Program Management
An IT program composed of dozens of projects models the risk of projects being late or over budget using reference class forecasting, a method of comparing projects to historical projects with similar scope and risk profiles.

Equity Analyst
An equity analyst develops in depth knowledge about a company and its industry in order to evaluate risks and rewards associated with a stock. If they downgrade a stock they may provide a list of high level risks associated with the firm in a note to investors.

Risk Analyst
A risk analyst may use statistical analysis to evaluate the risks associated with a particular investment or class of investments. They may use a large number of variables to estimate the probability of losses as a probability distribution. For example, the probability of a 10% loss on a particular investment might be 3% and the probability of a 100% loss might be 0.3%.

Small Business
A small business lists out risks associated with a strategy to open a new retail location. They evaluate probabilities on a scale of 1-4 labeled as “very likely”, “likely”, “possible”, “remotely possible”. They evaluate impact on a scale of 1-4 labeled as “disaster”, “high”, “medium”, “low.” The business then uses the evaluations to prioritize efforts to avoid, transfer, reduce or accept each risk.

Learn More
Quality Requirements Jonathan Poland

Quality Requirements

Quality requirements refer to the specific standards that a product, service, process, or environment must meet in order to be…

Sales Goals Jonathan Poland

Sales Goals

Sales goals are targets for the revenue or units sold that a sales team or individual is expected to achieve…

Augmented Product Jonathan Poland

Augmented Product

An augmented product is a product that includes intangible benefits beyond the physical product itself. These intangible benefits may include…

Cultural Norms Jonathan Poland

Cultural Norms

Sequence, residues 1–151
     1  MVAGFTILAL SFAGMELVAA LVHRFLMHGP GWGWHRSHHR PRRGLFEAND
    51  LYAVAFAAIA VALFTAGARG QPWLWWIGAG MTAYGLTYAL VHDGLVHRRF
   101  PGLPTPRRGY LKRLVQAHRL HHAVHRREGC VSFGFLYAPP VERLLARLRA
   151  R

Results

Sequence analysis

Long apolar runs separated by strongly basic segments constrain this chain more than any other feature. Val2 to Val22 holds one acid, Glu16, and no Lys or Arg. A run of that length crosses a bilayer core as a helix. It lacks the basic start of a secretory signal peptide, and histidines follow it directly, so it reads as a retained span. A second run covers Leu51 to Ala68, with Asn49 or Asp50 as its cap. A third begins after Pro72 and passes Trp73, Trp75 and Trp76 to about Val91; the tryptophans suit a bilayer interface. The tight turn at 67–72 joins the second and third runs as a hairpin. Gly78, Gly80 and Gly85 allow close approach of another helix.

A cultural norm is a shared belief or behavior that is considered to be acceptable or appropriate within a particular…

Knowledge Work Jonathan Poland

Knowledge Work

Knowledge work refers to work that involves the creation, use, or application of knowledge and expertise. It is characterized by…

Program Efficiency Jonathan Poland

Program Efficiency

Program efficiency refers to the effectiveness with which a computer program uses resources such as time and memory. In general,…

Latent Need Jonathan Poland

Latent Need

A latent need is a customer need that is not currently being met by the market and is not actively…

Capital Expenditures Jonathan Poland

Capital Expenditures

Capital expenditures, also known as capital expenses or capex, refer to the money that a company spends to acquire, maintain,…

Reputational Risk Jonathan Poland

Reputational Risk

Reputational risk refers to the potential for damage to an organization’s reputation as a result of its actions or inactions.…

Search →
content database

Search my thinking on business, finance,
and the capital markets or start below

Ecotax Jonathan Poland


An ecotax is a tax levied on activities that have a negative impact on the environment. It is intended to…

Fair Competition Jonathan Poland

Fair Competition

Fair competition refers to competition between businesses that is open and equitable, allowing all participants to compete on an equal…

Environmental Issues Jonathan Poland

Environmental Issues

Human activities have caused many environmental problems that are harmful to ecosystems, quality of life, and health. These issues have…

Market Development Jonathan Poland

Market Development

Market development is the process of entering new markets to expand revenue and reduce concentration risk. It involves identifying and…

Research Design Jonathan Poland

Research Design

Research design is the overall plan or approach that a researcher follows in order to study a particular research question.…

What is a Cash Cow? Jonathan Poland

What is a Cash Cow?

A cash cow is a business or product that generates a steady stream of income or profits for a company.…

Law of Supply and Demand Jonathan Poland

Law of Supply and Demand

The Law of Supply and Demand is one of the fundamental principles of economics. It states that the quantity of…

Process Improvement Jonathan Poland

Process Improvement

Process improvement is a systematic approach to identifying and implementing changes to processes within an organization in order to improve…

Risk Awareness Jonathan Poland

Risk Awareness

Risk awareness refers to the extent to which people or organizations are aware of risks and the strategies in place…